Health News Wed, 28 Aug 2013

Believe in the CHPS System to Deliver Health Goals

: Director General GHS

The Director General of Ghana Health Service, Dr Ebenezer Appiah Denkyira, has said Ghana’s grassroots health care delivery strategy - the Community-based Health Planning and Services (CHPS) programme- is one of the most comprehensive and sustainable initiative for achieving the best health outcomes and cable of helping the country attain the health related Millennium Development Goals (MDGs).

Dr Appiah Denkyira made the observation when he addressed participants at a regional half year health sector performance review forum in Bolgatanga in the Upper East Region. He said Ghana’s health sector needs strong integration and more commitment and collaboration in implementing a health system which connects with CHPS at the community level, linking up with each of the district, regional and specialized hospitals around the country.

He was of the view that even though Ghana continues to receive commendation locally and from the international community for making ascensive but steady progress toward the achievement of the MDGs on health, the country could have been doing better considering that as a nation a lot of resources have been committed to the health sector. In his view, the country abounds with various high impacting innovations and rich caliber of human resource. He added that it was against this background that our current level of performance on the health MDG indicators should be a cause of worry and concern to everyone.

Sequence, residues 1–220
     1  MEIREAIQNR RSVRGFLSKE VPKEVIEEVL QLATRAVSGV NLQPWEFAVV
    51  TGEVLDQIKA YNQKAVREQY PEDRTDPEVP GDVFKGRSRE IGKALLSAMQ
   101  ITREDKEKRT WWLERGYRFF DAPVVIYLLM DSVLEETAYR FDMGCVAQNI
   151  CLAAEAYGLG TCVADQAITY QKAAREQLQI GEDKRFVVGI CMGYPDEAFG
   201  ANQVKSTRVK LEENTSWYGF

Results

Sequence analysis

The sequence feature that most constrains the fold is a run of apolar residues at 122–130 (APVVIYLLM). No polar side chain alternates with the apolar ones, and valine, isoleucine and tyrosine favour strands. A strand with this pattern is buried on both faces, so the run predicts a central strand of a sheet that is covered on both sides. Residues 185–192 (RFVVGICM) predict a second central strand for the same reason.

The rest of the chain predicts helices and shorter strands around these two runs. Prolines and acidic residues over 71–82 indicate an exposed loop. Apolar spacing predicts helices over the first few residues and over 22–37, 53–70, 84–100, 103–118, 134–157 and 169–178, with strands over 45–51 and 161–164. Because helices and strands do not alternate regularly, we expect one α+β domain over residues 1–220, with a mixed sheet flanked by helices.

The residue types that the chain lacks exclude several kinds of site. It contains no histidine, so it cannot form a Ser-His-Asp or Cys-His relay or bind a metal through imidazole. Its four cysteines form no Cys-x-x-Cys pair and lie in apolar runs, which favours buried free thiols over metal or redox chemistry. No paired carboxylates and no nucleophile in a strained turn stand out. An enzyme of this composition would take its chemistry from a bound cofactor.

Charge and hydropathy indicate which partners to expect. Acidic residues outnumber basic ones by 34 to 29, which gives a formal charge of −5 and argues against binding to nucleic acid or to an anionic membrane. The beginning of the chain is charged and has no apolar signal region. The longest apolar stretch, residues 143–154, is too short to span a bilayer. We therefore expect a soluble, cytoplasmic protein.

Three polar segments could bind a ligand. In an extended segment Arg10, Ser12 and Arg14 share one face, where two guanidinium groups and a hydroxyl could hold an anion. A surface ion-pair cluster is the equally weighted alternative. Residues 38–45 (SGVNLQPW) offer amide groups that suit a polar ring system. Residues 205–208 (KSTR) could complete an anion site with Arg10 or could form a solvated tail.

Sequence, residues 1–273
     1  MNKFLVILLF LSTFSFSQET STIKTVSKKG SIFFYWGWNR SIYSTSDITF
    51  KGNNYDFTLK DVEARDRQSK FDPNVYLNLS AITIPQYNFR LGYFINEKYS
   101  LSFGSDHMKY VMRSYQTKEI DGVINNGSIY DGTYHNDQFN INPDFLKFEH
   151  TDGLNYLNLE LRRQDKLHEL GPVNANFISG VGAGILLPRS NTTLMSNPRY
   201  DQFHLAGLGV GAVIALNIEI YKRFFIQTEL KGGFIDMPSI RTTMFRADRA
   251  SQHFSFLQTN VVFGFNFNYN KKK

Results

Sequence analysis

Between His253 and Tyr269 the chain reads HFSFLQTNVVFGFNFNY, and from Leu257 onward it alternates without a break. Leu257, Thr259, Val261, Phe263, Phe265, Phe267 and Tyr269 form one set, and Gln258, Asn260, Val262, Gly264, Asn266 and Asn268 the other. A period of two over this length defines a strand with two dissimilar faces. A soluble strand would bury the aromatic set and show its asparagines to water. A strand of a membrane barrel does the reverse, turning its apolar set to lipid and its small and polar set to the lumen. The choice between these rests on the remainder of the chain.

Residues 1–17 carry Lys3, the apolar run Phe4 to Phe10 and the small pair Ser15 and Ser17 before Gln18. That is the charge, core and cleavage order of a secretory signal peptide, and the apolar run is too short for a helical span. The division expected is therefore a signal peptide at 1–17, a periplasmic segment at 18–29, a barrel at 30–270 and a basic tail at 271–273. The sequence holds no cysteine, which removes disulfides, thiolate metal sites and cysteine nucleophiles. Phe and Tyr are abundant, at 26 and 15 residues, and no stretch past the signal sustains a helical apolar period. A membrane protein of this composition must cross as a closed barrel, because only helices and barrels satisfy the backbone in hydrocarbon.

The Director General said His Excellency the President of the Republic, John Dramani Mahama and the Sector Minister, Honorable Sherry Ayittey are constantly encouraging and urging all stakeholders to continue to work harder towards the attainment of the MDGs on health and the other goals. Thus, this should be motivating enough for the Ghana Health Service and all other key players who are concerned to go the extra mile in doing something new to bring about the much desired end results.

He commended the Upper East Region for being a model region for innovations in health and asked for the meticulous documentation of the various innovations that continue to emerge from the region for the essence of replication in other parts of the country. Dr Appiah Denkyira was particularly happy that the Upper East Region continues to lead the rest of the country in the implementation and scale-up of CHPS; an initiative which was started in the region by the Navrongo Health Research Centre. Other notable areas the region leads in innovations include health information and data capture, as well as child and maternal health services. The Director General pledged the service’s commitment to tackling the challenges affecting the quality and access to health care delivery, including problems of poor motor bikes for community service, cold chain and other logistics constraints.


The Deputy Upper East Regional Minister, Honorable Daniel Syme, who also addressed the forum, commended the Regional Health Directorate for the commitment in increasing health care coverage to the population. Honorable Syme said the Regional Coordinating Council was concerned about the challenges of the few number of medical doctors and other specialized health staff in the region as well as other challenges facing the health sector. He pledged his willingness to support in various ways to minimize the impact of these challenges on health care delivery. He tasked all Municipal/District Assemblies to continue to support health care delivery in their various areas through the provision of infrastructure (including staff accommodation).